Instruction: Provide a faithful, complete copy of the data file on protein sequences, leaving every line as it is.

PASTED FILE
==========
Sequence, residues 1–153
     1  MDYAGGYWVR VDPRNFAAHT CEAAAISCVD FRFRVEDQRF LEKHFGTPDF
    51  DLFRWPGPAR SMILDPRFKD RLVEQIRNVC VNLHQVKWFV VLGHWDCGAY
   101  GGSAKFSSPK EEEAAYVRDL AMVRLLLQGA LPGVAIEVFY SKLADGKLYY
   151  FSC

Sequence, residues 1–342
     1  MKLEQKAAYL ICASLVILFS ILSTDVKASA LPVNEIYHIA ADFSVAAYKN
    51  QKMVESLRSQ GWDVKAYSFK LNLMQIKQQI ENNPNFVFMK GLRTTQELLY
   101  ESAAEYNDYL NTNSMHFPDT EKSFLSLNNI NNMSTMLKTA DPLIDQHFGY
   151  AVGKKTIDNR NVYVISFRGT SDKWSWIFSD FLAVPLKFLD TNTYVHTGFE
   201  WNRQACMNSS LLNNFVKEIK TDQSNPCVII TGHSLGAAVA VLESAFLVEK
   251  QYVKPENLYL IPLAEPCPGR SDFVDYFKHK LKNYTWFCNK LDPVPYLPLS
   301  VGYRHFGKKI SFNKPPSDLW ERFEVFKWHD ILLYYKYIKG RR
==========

Sequence, residues 1–153
     1  MDYAGGYWVR VDPRNFAAHT CEAAAISCVD FRFRVEDQRF LEKHFGTPDF
    51  DLFRWPGPAR SMILDPRFKD RLVEQIRNVC VNLHQVKWFV VLGHWDCGAY
   101  GGSAKFSSPK EEEAAYVRDL AMVRLLLQGA LPGVAIEVFY SKLADGKLYY
   151  FSC

Sequence, residues 1–342
     1  MKLEQKAAYL ICASLVILFS ILSTDVKASA LPVNEIYHIA ADFSVAAYKN
    51  QKMVESLRSQ GWDVKAYSFK LNLMQIKQQI ENNPNFVFMK GLRTTQELLY
   101  ESAAEYNDYL NTNSMHFPDT EKSFLSLNNI NNMSTMLKTA DPLIDQHFGY
   151  AVGKKTIDNR NVYVISFRGT SDKWSWIFSD FLAVPLKFLD TNTYVHTGFE
   201  WNRQACMNSS LLNNFVKEIK TDQSNPCVII TGHSLGAAVA VLESAFLVEK
   251  QYVKPENLYL IPLAEPCPGR SDFVDYFKHK LKNYTWFCNK LDPVPYLPLS
   301  VGYRHFGKKI SFNKPPSDLW ERFEVFKWHD ILLYYKYIKG RR